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The Portrayal of Ancient Rulers

The Portrayal of Ancient Rulers Throughout history, the idea of what a ruler is has evolved. In ancient societies the style of leadership evolved from royal leadership to politically appointed emperors. Inheritance of a throne and kingship subsided after Alexander the Great’s world domination. Instead, leaders came to power through political and military prowess, and if their leadership was unsatisfactory they would usually be overthrown. With the evolution of leadership throughout ancient times, came the evolution of art portraying the rulers of the era. The personality and authority portrayed in portraits, employ different means of expression. In the ancient Egyptian sculpture of King Menkaure and his Queen, a tetradrachm coin of ancient Greece depicting Alexander the Great, and the portrait sculpture of the emperor Philip the Arab from Rome, it is evident that portrayal of ancient rulers in art evolves in accordance with the political climate.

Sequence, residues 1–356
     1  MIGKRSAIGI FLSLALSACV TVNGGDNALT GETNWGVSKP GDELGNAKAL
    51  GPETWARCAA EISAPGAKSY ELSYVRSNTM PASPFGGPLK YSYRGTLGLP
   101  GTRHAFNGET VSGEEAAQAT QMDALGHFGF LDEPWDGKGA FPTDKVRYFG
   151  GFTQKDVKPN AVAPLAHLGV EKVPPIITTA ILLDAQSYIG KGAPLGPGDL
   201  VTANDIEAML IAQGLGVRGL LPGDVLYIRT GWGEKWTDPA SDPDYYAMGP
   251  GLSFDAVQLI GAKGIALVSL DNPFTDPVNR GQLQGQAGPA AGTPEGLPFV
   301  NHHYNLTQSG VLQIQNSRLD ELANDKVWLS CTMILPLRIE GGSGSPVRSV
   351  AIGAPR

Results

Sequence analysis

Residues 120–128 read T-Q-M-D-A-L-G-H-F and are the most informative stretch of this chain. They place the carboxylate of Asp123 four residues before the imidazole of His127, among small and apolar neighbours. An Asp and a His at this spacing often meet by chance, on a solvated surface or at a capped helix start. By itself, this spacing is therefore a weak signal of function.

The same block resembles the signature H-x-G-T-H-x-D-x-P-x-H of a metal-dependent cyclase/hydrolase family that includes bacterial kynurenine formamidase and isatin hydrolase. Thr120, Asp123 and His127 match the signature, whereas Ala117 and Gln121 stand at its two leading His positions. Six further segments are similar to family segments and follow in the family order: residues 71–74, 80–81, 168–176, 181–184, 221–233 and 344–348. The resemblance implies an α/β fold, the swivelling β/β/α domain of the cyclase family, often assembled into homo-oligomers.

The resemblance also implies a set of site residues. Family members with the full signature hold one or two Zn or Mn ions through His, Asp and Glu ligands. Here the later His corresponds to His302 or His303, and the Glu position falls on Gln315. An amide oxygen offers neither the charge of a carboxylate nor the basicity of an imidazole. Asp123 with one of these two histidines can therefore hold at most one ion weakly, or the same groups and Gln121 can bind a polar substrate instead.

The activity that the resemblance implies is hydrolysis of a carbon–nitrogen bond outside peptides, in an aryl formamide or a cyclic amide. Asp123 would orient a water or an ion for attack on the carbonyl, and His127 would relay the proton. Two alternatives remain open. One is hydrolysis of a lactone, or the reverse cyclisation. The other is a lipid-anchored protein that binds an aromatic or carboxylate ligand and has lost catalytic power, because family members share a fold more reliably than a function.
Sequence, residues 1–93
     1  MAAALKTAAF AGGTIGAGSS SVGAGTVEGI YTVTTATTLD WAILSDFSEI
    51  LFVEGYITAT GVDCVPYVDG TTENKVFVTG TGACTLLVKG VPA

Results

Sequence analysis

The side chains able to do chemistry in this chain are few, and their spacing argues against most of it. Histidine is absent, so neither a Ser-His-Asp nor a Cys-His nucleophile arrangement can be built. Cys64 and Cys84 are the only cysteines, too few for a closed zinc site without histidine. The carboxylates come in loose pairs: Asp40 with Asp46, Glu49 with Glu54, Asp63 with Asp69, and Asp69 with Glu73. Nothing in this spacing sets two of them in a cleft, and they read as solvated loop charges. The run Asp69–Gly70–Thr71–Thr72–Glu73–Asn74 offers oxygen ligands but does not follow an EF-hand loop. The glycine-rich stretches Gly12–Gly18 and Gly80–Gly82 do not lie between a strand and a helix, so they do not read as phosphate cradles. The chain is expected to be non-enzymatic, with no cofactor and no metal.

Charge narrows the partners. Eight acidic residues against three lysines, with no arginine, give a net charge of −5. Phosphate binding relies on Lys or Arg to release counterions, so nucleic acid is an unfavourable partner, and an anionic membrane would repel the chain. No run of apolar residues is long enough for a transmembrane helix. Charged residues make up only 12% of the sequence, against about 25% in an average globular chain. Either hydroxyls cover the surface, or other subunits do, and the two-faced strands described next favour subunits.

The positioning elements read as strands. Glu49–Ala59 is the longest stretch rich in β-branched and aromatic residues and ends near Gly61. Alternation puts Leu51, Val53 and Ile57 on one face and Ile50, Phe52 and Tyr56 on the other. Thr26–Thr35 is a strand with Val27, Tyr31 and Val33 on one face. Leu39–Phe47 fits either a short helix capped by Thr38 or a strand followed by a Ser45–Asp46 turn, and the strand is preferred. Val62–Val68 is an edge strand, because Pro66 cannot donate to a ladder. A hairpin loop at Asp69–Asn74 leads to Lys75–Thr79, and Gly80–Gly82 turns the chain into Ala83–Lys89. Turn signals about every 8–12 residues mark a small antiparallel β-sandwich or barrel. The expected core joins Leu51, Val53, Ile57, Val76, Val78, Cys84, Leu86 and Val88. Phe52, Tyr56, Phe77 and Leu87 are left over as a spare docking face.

King Menkaure and Queen Khamerenebty ruled during the Fourth Dynasty of the Old Kingdom in ancient Egypt, circa 2533-2515 BCE. The 4th Dynasty is associated with the Great Pyramids of Giza. The increasing wealth of the ruling families of the period is reflected in their large, elaborate royal portraits. The statue of King Menkaure and his wife, standing 4’8” high, was found in the Valley Temple of the pyramid of Menkaure at Giza. It is a good example of Old Kingdom royal tomb sculpture, although it is the first known work depicting a couple. The pair statue of Menkaure and Khamerenebty exemplifies both dignity and marital affection.
The statue of King Menkaure and his Queen exhibits with clarity the Egyptian devotion of art to a cannon of proportions. Its strictly frontal view point, the rigid poses of the figures, and a faithful accordance to rules and established customs can be interpreted as manifesting the nature of the Pharaoh’s authority over his s...

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